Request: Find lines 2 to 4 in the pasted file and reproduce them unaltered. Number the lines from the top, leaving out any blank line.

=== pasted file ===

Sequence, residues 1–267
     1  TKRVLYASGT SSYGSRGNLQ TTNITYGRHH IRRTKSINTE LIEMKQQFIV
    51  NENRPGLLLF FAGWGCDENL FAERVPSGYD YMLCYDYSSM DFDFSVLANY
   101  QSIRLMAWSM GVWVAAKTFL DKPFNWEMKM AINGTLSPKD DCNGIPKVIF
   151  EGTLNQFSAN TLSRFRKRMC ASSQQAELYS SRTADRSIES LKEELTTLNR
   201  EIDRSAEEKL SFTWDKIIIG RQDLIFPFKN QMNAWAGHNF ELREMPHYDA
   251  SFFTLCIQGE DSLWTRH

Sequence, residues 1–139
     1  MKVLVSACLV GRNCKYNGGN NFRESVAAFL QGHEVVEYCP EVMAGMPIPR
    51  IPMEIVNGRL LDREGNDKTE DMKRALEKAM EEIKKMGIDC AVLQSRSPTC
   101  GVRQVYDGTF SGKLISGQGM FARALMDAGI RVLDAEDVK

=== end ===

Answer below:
     1  TKRVLYASGT SSYGSRGNLQ TTNITYGRHH IRRTKSINTE LIEMKQQFIV
    51  NENRPGLLLF FAGWGCDENL FAERVPSGYD YMLCYDYSSM DFDFSVLANY
   101  QSIRLMAWSM GVWVAAKTFL DKPFNWEMKM AINGTLSPKD DCNGIPKVIF